Update 6 p.m.: The National Weather Service has revised its forecast for Saturday, saying the coastal low may produce “significant icing” or “significant snow” depending on its track and on whether or not “warm air aloft” develops. See updated story here.
Original story: The National Weather Service says a “classic nor’easter” may develop off the Atlantic coast this weekend and dump more than six inches of snow across the region Saturday into Saturday night.
The National Weather Service says a “classic nor’easter” may develop off the Atlantic coast this weekend and dump more than six inches of snow across the region Saturday into Saturday night.
Forecasters are closely watching a low pressure system in the southeast, which they expect to develop and move towards the North Carolina coast by early Saturday. The rapidly deepening low is then expected to take a northeast track to near the 40N 70W benchmark by early Saturday evening, according to the National Weather Service in New York. The benchmark is typically associated with heavy snow makers for Long Island; winter storms that pass over or near it usually produce significant snowfall across the region.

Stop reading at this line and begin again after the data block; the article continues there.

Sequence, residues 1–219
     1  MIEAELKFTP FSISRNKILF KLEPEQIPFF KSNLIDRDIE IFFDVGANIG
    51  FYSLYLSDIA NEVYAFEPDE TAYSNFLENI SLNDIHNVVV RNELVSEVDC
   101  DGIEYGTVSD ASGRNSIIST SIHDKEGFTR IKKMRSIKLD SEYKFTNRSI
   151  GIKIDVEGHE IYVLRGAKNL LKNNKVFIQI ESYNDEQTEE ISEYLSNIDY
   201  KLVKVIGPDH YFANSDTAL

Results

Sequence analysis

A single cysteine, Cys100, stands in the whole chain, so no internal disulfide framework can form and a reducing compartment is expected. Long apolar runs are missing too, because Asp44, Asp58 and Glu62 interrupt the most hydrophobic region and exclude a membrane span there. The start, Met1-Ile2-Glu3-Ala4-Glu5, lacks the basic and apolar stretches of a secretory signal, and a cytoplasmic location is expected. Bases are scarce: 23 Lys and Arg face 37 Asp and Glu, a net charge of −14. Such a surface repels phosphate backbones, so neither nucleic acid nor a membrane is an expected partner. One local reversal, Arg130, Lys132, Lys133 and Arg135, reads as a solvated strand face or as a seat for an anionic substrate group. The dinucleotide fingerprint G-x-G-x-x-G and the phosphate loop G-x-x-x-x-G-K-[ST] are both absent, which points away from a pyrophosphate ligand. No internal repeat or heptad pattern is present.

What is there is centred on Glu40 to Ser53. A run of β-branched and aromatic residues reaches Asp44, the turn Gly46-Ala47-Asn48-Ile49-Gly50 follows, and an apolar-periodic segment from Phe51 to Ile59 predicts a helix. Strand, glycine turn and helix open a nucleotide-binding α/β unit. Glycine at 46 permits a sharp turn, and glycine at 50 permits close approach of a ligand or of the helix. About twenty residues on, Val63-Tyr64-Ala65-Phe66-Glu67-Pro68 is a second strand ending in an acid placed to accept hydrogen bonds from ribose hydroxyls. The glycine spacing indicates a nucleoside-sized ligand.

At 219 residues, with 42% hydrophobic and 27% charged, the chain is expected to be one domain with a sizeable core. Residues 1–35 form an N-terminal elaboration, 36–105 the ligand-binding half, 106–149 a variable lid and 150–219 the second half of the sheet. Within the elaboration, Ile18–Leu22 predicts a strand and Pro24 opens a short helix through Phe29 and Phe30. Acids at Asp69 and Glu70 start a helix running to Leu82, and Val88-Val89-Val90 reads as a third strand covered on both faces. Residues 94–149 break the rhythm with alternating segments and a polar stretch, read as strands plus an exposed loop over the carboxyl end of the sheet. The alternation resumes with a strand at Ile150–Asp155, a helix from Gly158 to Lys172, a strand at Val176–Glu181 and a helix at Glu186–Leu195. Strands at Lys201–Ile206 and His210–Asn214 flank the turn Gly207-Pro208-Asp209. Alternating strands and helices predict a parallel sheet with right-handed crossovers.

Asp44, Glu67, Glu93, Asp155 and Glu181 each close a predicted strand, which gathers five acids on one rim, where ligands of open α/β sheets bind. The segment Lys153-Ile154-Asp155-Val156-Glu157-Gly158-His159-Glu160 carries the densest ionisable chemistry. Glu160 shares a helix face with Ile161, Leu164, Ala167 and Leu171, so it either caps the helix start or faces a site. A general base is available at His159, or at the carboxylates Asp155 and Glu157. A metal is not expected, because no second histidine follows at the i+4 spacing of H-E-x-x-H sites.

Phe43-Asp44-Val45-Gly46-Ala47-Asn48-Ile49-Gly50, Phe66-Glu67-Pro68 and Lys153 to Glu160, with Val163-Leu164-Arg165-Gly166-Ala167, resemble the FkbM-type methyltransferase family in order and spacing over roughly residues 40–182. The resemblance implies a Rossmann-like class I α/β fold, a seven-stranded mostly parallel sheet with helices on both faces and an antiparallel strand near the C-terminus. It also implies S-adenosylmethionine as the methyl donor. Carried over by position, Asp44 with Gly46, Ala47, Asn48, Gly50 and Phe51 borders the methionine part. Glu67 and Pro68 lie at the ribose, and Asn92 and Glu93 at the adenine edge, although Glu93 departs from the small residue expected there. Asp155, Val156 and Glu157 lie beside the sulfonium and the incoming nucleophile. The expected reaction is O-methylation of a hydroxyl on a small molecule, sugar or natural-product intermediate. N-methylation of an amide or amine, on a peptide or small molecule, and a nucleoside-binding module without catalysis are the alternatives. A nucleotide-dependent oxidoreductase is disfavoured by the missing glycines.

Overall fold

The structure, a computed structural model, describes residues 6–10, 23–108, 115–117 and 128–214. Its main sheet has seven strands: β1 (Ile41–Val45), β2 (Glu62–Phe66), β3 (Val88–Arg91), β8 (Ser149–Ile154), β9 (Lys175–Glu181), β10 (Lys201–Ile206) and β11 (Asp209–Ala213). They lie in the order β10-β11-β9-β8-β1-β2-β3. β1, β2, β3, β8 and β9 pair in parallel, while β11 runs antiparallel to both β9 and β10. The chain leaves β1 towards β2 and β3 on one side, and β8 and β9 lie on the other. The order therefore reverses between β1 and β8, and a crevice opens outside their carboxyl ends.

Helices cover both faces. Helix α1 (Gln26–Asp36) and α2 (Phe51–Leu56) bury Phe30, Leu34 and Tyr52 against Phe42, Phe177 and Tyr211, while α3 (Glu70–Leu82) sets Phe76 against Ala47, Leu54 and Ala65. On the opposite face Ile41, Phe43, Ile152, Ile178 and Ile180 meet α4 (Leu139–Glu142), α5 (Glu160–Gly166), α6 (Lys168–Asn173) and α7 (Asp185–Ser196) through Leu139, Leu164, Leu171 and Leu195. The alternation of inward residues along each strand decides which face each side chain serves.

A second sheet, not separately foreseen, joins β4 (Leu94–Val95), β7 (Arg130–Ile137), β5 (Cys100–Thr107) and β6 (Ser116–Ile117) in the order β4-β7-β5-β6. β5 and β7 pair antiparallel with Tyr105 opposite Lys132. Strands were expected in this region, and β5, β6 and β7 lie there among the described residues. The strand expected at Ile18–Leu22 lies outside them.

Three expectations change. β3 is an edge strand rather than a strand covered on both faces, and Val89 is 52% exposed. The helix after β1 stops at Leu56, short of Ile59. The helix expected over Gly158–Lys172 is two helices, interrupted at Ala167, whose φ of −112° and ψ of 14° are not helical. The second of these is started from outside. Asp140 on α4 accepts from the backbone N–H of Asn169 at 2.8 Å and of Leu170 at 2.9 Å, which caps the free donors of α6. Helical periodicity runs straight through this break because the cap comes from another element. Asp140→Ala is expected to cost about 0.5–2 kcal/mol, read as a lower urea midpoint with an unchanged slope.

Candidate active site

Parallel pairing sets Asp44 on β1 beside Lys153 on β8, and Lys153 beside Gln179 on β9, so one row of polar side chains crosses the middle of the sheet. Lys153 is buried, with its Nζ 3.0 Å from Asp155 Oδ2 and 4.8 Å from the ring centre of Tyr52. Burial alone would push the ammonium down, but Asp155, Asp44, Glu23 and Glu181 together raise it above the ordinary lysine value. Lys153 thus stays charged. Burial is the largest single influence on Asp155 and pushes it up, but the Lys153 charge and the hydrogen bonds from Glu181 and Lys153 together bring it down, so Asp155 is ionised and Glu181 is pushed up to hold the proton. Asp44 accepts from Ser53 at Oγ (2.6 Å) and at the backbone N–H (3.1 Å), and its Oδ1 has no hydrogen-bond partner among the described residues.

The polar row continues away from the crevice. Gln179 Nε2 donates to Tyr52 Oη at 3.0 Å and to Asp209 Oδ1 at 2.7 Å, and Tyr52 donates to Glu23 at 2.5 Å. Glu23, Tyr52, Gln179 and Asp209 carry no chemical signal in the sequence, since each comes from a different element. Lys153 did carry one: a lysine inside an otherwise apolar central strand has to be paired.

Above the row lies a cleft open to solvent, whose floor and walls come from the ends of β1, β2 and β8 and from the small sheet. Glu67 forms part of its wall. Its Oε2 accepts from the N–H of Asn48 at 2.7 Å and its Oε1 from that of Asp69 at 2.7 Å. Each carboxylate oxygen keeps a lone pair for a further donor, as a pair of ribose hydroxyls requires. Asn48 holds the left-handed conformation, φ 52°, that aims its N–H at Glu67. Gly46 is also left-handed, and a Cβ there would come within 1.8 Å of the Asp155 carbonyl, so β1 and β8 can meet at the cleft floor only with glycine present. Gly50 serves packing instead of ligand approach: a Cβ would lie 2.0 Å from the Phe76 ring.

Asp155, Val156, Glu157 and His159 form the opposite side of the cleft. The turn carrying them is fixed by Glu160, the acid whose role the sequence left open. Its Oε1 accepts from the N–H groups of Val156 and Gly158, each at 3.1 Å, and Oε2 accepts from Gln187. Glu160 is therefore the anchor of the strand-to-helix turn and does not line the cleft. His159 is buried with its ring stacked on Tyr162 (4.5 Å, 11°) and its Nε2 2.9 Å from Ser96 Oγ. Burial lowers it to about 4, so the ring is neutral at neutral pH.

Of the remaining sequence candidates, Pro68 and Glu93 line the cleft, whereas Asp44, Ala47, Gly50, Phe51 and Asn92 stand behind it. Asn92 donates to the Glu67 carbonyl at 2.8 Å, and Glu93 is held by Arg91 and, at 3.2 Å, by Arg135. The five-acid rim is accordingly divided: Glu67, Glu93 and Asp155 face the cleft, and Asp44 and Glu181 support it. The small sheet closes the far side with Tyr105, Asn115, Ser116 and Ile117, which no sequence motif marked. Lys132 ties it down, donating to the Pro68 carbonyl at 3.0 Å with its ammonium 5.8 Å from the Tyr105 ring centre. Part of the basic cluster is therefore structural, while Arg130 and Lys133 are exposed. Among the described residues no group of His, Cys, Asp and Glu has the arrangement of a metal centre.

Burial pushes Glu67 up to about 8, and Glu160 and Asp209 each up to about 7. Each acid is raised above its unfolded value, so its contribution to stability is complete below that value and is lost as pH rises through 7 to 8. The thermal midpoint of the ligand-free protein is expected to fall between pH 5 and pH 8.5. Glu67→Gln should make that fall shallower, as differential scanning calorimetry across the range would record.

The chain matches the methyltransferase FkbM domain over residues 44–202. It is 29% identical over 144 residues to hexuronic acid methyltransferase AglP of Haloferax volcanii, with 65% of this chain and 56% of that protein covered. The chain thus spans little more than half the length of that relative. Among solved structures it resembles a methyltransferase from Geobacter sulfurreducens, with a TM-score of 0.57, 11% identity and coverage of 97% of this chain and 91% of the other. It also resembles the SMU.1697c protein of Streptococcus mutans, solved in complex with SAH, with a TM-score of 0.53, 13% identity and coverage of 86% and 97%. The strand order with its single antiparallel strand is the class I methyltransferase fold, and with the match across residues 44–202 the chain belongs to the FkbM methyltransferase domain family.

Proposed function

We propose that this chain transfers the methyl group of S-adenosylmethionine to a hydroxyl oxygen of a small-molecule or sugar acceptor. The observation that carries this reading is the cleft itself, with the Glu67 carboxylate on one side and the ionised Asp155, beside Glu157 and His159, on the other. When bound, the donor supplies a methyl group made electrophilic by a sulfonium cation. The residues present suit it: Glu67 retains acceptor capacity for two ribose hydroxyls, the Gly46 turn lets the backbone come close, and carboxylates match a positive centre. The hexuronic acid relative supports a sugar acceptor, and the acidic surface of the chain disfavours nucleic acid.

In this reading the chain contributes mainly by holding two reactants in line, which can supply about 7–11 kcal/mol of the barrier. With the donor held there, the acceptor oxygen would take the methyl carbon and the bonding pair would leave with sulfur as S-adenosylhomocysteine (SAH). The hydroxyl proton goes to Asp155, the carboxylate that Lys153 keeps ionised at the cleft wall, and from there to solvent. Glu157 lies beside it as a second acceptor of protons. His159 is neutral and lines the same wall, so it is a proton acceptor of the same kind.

There is still uncertainty about the exact track and strength of the low, which will affect the type and amount of precipitation on the island, forecasters caution.
“The potential is there for a classic nor’easter and with the current track and magnitude. We could see significant snow and very gusty winds,” the weather service said in its forecast discussion.
“The track is at or just east of the benchmark aforementioned and with raw models temps of 34-35 degrees, precipitation should be intense enough to drop temperatures rather quickly, which would give surface temperatures freezing or below. Therefore forecast has increasing chances of mainly snow across the entire region going into Saturday and continuing into Saturday evening before tapering off late at night.”
The National Weather Service early this morning issued a hazardous weather outlook for the Long Island region.